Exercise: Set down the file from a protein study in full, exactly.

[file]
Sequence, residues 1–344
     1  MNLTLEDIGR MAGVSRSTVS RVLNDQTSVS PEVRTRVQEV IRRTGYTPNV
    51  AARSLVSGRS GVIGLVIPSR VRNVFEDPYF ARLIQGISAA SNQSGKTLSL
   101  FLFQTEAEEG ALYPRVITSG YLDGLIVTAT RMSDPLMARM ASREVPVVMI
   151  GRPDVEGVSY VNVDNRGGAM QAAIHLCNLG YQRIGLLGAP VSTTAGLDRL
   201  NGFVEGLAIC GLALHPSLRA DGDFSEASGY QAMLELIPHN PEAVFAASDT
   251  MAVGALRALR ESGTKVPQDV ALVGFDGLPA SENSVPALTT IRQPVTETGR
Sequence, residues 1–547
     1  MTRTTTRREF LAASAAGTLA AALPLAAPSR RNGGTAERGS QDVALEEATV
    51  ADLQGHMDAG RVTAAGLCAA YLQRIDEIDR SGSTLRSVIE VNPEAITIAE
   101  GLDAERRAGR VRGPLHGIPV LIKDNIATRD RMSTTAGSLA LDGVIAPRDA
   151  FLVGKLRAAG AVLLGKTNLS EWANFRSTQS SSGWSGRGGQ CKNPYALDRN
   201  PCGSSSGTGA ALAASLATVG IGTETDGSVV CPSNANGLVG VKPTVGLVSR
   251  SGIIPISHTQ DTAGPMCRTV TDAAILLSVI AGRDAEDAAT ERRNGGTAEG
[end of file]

Sequence, residues 1–344
     1  MNLTLEDIGR MAGVSRSTVS RVLNDQTSVS PEVRTRVQEV IRRTGYTPNV
    51  AARSLVSGRS GVIGLVIPSR VRNVFEDPYF ARLIQGISAA SNQSGKTLSL
   101  FLFQTEAEEG ALYPRVITSG YLDGLIVTAT RMSDPLMARM ASREVPVVMI
   151  GRPDVEGVSY VNVDNRGGAM QAAIHLCNLG YQRIGLLGAP VSTTAGLDRL
   201  NGFVEGLAIC GLALHPSLRA DGDFSEASGY QAMLELIPHN PEAVFAASDT
   251  MAVGALRALR ESGTKVPQDV ALVGFDGLPA SENSVPALTT IRQPVTETGR
Sequence, residues 1–547
     1  MTRTTTRREF LAASAAGTLA AALPLAAPSR RNGGTAERGS QDVALEEATV
    51  ADLQGHMDAG RVTAAGLCAA YLQRIDEIDR SGSTLRSVIE VNPEAITIAE
   101  GLDAERRAGR VRGPLHGIPV LIKDNIATRD RMSTTAGSLA LDGVIAPRDA
   151  FLVGKLRAAG AVLLGKTNLS EWANFRSTQS SSGWSGRGGQ CKNPYALDRN
   201  PCGSSSGTGA ALAASLATVG IGTETDGSVV CPSNANGLVG VKPTVGLVSR
   251  SGIIPISHTQ DTAGPMCRTV TDAAILLSVI AGRDAEDAAT ERRNGGTAEG